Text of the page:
Hats off to columnist Robert Landauer for a piece on how cheap publishing technology is changing received history.
What it means for us is that it is much harder to build Soviet styles of consensus on Civil War controversies when surrounded by "talk-back" devices - technology that did not exist 40 years ago when Civil War inquiry became severely constrained by the American Heritage magazine's editorial decisions.
As recently as four years ago, the consensus-driven editor of a popular Civil War slick wrote, in rejecting a friend's article, that no one arguing a certain general's military competence would ever be published in his magazine. Nor was this a furtive message. The exponent of this policy felt not the slightest twinge of shame in the matter.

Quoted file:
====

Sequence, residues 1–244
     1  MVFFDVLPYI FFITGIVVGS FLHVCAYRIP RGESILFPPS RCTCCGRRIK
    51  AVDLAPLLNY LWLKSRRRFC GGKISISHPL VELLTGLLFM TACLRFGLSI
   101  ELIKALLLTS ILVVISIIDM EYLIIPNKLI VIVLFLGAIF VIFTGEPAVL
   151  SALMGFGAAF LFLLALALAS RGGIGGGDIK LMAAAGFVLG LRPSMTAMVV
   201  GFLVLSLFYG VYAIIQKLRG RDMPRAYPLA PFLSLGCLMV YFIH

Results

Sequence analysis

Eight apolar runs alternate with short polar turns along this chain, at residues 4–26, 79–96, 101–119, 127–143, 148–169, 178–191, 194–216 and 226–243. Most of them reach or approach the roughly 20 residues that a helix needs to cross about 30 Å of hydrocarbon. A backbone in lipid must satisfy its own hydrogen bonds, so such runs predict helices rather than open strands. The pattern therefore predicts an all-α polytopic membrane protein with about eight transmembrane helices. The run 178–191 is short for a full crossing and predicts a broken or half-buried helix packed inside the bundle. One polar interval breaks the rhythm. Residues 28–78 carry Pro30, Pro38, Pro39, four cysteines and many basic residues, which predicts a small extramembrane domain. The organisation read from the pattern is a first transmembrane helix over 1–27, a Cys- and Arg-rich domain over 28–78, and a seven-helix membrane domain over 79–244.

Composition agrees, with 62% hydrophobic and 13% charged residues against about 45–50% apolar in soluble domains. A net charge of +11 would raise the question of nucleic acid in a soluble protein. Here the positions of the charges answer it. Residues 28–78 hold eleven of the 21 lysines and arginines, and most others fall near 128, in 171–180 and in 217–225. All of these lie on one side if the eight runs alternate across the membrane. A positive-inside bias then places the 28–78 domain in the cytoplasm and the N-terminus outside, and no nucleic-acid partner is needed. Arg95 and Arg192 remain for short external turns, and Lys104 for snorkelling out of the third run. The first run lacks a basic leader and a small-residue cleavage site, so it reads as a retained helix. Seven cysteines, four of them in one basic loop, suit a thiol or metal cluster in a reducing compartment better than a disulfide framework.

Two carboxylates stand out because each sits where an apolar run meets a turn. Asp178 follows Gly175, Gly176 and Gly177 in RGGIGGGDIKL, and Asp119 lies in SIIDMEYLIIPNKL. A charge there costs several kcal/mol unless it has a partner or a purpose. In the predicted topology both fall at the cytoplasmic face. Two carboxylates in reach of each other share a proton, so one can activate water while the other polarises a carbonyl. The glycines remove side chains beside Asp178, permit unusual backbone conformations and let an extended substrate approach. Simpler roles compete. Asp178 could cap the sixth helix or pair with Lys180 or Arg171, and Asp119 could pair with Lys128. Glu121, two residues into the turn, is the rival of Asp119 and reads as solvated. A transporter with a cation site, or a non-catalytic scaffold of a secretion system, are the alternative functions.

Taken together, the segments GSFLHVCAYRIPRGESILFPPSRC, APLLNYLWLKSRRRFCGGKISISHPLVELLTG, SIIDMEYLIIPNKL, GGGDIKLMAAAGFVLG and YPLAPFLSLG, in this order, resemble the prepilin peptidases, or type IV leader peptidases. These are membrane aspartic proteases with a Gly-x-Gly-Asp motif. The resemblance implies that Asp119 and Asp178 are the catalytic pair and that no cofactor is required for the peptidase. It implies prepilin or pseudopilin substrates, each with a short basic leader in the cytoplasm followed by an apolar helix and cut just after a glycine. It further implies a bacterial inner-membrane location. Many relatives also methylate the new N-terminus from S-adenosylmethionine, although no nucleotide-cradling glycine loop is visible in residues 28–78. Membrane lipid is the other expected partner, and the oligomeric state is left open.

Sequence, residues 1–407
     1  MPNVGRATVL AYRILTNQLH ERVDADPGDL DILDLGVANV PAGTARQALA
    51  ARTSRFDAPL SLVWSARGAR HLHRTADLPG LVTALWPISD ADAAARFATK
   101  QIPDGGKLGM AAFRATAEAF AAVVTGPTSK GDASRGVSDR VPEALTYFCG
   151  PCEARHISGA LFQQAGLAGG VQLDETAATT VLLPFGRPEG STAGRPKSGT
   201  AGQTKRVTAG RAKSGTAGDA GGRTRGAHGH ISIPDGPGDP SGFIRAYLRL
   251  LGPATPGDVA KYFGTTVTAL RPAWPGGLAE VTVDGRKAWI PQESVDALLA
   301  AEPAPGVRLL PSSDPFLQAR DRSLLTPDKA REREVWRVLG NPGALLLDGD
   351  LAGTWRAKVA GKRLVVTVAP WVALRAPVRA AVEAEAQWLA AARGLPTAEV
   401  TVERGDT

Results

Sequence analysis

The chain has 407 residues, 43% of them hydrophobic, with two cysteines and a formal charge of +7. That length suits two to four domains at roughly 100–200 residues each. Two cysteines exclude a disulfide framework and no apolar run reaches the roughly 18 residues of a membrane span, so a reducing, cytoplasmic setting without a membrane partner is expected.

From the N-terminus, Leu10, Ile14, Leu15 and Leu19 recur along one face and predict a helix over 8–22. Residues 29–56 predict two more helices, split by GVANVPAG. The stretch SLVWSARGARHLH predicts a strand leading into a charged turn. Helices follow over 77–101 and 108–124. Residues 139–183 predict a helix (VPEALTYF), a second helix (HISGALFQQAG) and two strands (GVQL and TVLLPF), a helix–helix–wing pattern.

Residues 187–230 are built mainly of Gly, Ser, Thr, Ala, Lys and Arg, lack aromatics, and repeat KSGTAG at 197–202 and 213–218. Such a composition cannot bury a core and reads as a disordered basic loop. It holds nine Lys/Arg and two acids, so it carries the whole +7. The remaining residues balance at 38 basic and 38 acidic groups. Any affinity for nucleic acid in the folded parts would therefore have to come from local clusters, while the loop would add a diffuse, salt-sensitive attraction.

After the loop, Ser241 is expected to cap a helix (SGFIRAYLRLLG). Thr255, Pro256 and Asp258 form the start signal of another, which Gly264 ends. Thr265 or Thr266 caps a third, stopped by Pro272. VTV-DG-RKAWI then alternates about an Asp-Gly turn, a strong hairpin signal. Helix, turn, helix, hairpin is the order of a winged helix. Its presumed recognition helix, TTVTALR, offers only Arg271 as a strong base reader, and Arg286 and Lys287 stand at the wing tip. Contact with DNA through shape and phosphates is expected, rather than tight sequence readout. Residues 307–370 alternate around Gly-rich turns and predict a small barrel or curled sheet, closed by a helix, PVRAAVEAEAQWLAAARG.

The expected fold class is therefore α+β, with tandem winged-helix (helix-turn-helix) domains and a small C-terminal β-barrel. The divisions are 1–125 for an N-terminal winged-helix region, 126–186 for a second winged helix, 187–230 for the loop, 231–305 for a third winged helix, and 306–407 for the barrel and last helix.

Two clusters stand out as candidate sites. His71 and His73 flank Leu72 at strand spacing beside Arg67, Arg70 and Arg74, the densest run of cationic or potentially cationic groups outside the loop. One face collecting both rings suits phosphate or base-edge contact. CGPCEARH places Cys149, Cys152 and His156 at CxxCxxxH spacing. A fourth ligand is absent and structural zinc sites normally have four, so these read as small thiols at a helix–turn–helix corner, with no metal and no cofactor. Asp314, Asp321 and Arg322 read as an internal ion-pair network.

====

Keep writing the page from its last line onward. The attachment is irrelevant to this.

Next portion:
Of course, more than technology is needed to fill the holes and level the ground; skilled argument, judicious handling of evidence, exhaustive research are more important than fresh perspectives and new opinions. Ignorant waves of Civil War bookbuyers will continue to stream into the nonfiction field from the film and fiction side, polluting publishers' standards by offering easy bucks for bad books.
Nevertheless, this is certainly the dawn of a golden age for enthusiasts who have the will and the knowledge to correct errors and contribute to the sum of ACW knowledge. The Official Records are online. So are Lincoln's papers. When we in ACW history get to the equivalent of music file swapping on shared networks, Civil War research will have reached a point where our 20th Century standard works will look half quaint and half foolish.